The thing about poverty is that there are many different kinds – spiritual, personal, communal, and material (When Helping Hurts) which means that we are all poor in one way or another. Which means that we can all benefit from some service every once in a while. Which means that poverty comes in all shapes and sizes and colors and genders and income levels. Which means that maybe instead of looking for the next exciting locale for our short term mission trip, we could look a little closer to home. Maybe our idea of “the needy” can be broadened to “everyone everywhere” and our concept of “the mission field” can be broadened to “here.”
The art of listening. Listening well is listening to what is not said as much as it is listening to what is said. In our 30 Rock example, Tracy and the boys never ask for help. They’re fine not winning because, after all, “[the boys] just want to play outside.” But Jack assumes that because the boys’ dreams aren’t the same as his own and because according to his definition of success these boys are failing, that he must step in. His help wasn’t appreciated because it wasn’t requested or even necessary. Let’s start there. Is your help really needed in this situation? If not, that’s okay! There are plenty of other short term service opportunities!
How often do we assume we know what a community needs? It’s so easy to look in from the outside and pick out flaws and shortcomings, but why don’t we start with listening. Tracy tried to help Jack understand the people he (Jack) was trying to help. Tracy represents the long-termer, the native, the one-invested. (Let’s ignore the fact that he was court-ordered to coach this team for the purposes of our long-winded metaphor.) Tracy understood what it was like to live in these kids’ shoes. He knew which ones didn’t have contact with their birth moms, which ones were afraid of which gang territories, which ones grew up on Orange soda and potato chips – he knew them. And it was because of his familiarity and his relationship that he could see Jack’s failure coming long before Jack did.
How often do we breeze into a community for a week with our own agenda? How often do we fail to get to know the people we are serving, focused only on an end goal? Short term missions are just that – short – but even in one week we can take the time to get to know somebody. Better yet, before piling in the bus or jumping on the plane we can ask those long-term invested ones questions about the people they love that we get the opportunity to hang out with. Then, when we’re there and we’re still not getting it (because we’re humans and we’re imperfect and we’re new and we’re excited!) we can be ready to accept criticism and direction, even when it hurts.
People before projects. Oftentimes short term trips come with a goal. This week we are going to paint the church. This week we are going to throw a kick butt daily kids’ program. This week we are going to pass out 1,000 church flyers. Goals are great. I love goals. (And lists!) But sometimes we let our desire to achieve a goal overshadow the actual people around us. Jack had a banner made that said, “Fun Times Accomplished!” He was so focused on success that he missed out on getting to know the boys he was supposedly helping. Sometimes we become so focused on producing a successful program that we fail to realize our own shortcomings. Programs are great, but nothing beats real relationship. Maybe a drama needs to be scrapped in order to offer more time for songs in a music-loving community. Maybe a dance number needs to be cut in a conservative setting. Maybe a new baseball diamond and new uniforms shouldn’t be priority number one. Be attentive and be flexible.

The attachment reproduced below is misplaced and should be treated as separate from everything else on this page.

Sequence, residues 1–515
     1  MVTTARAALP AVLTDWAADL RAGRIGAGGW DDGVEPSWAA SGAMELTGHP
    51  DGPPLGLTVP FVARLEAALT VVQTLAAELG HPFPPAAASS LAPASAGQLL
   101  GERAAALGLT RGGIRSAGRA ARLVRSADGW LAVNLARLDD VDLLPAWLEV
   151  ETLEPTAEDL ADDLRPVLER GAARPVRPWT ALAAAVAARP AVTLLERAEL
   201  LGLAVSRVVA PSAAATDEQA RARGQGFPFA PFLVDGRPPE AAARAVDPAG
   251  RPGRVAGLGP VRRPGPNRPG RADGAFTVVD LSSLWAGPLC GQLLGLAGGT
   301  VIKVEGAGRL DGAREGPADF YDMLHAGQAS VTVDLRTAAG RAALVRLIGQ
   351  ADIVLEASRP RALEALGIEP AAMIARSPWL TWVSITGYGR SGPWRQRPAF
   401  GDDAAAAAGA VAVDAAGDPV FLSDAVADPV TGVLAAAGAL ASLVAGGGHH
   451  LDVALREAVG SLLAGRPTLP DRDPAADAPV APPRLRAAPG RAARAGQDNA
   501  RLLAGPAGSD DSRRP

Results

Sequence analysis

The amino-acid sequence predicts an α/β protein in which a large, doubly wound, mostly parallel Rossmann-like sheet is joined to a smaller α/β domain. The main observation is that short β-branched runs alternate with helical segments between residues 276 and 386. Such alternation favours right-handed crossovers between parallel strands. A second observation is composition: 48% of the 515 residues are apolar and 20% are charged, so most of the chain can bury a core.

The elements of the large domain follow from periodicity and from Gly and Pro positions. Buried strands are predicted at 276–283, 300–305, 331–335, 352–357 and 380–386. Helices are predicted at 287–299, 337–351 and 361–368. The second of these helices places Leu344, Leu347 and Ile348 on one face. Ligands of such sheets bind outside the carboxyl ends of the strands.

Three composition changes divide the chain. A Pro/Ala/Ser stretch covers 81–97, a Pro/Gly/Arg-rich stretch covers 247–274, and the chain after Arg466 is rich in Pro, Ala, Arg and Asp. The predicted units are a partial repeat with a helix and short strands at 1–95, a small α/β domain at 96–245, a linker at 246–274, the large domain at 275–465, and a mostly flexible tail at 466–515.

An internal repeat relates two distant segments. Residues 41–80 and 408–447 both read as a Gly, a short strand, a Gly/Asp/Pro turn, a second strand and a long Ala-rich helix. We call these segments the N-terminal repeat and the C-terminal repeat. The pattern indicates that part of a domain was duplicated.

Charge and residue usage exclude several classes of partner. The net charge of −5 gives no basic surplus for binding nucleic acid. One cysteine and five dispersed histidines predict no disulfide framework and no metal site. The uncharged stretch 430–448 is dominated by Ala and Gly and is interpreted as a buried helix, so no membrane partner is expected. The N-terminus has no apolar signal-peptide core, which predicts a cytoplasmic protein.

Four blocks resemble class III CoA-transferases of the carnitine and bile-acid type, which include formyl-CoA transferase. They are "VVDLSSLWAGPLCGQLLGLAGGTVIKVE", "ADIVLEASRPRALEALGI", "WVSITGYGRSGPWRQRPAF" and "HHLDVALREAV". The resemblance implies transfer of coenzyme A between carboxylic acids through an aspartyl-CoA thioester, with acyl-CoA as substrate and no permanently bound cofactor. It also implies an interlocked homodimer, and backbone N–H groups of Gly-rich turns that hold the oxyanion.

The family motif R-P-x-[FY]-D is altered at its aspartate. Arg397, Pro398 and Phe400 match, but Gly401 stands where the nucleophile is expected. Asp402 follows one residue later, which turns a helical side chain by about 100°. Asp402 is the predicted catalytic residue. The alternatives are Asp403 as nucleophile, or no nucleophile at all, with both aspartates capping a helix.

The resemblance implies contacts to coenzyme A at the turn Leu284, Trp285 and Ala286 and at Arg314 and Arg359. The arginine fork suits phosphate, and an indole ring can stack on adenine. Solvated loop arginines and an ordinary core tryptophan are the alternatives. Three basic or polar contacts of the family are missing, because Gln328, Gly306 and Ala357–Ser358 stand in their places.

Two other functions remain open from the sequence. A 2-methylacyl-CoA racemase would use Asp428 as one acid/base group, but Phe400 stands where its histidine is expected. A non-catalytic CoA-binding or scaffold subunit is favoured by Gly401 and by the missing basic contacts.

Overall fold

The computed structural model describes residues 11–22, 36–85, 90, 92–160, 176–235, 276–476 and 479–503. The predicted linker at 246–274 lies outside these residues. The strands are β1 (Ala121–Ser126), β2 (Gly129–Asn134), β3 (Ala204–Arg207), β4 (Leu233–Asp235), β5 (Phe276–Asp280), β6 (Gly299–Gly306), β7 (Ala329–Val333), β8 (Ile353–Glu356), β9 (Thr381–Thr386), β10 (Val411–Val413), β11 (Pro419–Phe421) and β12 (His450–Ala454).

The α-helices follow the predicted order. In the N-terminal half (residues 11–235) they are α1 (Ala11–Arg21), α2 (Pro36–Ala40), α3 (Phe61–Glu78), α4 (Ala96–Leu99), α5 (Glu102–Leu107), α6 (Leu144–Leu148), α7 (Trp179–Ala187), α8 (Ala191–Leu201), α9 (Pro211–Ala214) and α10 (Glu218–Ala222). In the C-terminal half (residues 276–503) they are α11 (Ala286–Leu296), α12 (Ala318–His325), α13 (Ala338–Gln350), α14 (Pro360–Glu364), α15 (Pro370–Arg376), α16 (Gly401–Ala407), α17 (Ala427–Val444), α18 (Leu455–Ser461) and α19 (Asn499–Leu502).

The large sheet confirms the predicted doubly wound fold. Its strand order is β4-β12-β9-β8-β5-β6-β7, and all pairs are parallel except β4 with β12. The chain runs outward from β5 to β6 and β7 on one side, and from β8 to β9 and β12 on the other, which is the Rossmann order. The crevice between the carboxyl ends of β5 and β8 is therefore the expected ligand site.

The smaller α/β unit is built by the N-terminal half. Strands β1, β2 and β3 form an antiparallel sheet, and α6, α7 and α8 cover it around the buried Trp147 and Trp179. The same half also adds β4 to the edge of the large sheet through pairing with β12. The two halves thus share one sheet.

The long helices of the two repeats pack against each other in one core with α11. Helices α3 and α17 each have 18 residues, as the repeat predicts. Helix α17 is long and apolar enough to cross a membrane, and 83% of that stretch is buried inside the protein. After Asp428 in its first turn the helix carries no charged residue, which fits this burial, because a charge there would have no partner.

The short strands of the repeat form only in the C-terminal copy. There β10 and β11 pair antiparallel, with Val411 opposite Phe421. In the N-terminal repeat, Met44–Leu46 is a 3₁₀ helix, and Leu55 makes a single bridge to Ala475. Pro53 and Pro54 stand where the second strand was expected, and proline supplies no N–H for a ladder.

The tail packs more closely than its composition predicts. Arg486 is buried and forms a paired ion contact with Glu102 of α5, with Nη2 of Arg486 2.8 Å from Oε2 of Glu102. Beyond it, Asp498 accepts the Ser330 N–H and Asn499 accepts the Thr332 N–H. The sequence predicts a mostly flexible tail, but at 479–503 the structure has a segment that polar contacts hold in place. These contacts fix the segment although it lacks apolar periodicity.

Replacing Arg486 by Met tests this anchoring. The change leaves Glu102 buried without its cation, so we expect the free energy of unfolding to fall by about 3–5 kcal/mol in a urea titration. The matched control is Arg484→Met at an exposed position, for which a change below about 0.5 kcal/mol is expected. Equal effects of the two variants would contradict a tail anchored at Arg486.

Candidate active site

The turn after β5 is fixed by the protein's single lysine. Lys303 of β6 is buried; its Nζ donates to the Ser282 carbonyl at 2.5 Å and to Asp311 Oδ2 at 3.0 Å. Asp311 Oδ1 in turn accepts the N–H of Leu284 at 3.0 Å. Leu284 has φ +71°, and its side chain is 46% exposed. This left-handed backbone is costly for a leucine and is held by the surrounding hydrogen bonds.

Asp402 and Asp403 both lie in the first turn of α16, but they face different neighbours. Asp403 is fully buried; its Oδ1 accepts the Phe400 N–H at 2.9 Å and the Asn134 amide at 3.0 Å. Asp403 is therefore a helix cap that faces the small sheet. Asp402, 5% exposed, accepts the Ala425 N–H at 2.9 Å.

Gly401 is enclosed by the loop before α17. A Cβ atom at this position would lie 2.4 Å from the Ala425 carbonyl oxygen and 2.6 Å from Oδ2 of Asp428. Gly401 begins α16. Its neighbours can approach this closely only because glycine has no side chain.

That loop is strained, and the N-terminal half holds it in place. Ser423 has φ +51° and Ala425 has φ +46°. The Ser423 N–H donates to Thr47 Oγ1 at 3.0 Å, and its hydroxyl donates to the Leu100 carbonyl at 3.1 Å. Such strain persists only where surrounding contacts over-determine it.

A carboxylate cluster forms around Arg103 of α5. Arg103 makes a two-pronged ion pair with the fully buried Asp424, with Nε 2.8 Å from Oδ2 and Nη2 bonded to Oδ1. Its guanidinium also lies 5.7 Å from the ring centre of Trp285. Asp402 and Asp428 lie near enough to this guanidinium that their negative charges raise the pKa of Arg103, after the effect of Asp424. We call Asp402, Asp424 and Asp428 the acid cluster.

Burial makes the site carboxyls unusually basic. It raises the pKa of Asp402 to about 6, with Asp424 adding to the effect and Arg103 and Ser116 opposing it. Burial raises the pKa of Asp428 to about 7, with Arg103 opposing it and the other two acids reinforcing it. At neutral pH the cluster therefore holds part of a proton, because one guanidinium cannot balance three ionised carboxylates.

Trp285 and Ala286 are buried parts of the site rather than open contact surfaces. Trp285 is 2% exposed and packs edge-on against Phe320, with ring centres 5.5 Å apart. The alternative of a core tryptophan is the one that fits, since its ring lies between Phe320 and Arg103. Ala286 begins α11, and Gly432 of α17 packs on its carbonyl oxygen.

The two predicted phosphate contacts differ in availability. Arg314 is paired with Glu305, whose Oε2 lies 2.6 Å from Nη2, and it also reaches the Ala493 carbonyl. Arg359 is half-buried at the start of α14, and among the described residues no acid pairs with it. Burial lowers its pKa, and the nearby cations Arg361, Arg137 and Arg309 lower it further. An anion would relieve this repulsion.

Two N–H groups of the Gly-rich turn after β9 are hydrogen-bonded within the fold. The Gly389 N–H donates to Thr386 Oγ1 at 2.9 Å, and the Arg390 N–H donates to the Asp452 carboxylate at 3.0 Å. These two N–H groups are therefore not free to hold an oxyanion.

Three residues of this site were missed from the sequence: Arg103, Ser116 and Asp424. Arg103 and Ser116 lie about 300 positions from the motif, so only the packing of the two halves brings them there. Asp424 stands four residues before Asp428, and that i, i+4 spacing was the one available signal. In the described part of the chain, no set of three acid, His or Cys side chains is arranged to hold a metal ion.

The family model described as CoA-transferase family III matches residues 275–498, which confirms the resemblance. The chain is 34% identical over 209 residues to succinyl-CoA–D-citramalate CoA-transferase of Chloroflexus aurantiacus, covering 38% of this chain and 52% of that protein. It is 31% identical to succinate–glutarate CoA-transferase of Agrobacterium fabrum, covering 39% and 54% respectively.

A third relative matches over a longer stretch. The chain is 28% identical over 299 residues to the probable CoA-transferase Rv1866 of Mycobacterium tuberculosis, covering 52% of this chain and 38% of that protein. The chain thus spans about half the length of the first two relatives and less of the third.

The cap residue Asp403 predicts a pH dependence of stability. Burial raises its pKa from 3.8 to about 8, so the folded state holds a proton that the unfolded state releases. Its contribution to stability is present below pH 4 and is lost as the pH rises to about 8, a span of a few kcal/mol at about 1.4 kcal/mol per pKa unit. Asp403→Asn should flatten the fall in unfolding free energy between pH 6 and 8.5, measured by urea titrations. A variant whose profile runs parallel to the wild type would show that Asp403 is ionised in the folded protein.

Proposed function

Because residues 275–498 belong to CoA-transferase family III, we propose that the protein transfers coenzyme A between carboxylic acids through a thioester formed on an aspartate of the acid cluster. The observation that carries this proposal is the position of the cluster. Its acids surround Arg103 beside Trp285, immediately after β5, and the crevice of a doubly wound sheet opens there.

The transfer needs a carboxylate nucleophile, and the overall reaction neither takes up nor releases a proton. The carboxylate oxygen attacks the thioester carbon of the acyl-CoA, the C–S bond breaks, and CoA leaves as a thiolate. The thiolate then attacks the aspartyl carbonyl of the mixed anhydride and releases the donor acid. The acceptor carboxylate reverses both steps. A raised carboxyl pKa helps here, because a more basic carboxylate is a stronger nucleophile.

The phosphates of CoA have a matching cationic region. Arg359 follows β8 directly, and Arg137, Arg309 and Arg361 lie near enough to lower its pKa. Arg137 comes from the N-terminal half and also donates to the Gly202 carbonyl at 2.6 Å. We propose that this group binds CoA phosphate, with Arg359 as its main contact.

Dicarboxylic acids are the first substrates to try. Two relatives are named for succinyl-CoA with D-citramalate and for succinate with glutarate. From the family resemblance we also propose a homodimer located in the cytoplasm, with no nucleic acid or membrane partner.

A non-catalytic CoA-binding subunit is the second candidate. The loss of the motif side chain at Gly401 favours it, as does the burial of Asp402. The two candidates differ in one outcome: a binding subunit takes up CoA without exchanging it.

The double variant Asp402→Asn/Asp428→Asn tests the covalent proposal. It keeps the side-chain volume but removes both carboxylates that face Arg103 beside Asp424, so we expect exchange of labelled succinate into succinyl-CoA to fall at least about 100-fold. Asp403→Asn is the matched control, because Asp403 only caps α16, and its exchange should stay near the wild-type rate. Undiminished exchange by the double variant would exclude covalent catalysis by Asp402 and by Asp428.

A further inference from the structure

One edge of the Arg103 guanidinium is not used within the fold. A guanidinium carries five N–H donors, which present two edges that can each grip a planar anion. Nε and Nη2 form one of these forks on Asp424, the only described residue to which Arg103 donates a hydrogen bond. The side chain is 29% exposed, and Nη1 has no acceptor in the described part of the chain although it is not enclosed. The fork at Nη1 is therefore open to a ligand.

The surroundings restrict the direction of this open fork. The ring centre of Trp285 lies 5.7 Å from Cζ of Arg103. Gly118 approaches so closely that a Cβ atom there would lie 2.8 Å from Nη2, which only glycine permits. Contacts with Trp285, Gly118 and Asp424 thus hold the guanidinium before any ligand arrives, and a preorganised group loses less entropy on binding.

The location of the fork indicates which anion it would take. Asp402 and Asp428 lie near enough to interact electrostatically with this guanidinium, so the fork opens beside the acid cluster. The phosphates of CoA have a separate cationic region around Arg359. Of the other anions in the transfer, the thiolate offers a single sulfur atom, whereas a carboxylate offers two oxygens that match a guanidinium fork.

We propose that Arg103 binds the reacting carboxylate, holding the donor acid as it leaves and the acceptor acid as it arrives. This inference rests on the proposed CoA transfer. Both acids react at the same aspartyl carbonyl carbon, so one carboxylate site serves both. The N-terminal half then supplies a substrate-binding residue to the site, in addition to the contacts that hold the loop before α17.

Here’s the thing, the fact that Jack only wanted to help doesn’t change the fact that he essentially ruined everything. When it comes to short term missions, it’s not just the thought that counts. Mostly because it’s not the thought that actually shows up and lives among actual people for a week, month, or year. It’s the execution, the putting thought into action, that leaves its mark. So think carefully, listen well, pray a lot, and remember that you are just as in need of a Savior as everyone else.
In the end, Jack and Tracy struck a balance – a 50/50, if you will. Know-how + resources. Long-termer + short-termer. Experience + gusto. Speaking + listening.
We can do this guys, and we can do it well. Short term missions can be successful, beneficial, and fruitful times for everyone involved as long as we (I’d never thought I’d say this) listen to the Tracy Jordans of the world and avoid being the Jack Donaghys.
I know, I know. You never knew Tina Fey had so much to say about Short Term Missions! I didn’t either! Now that we’ve heard from her, what do YOU have to say about Short Term Missions?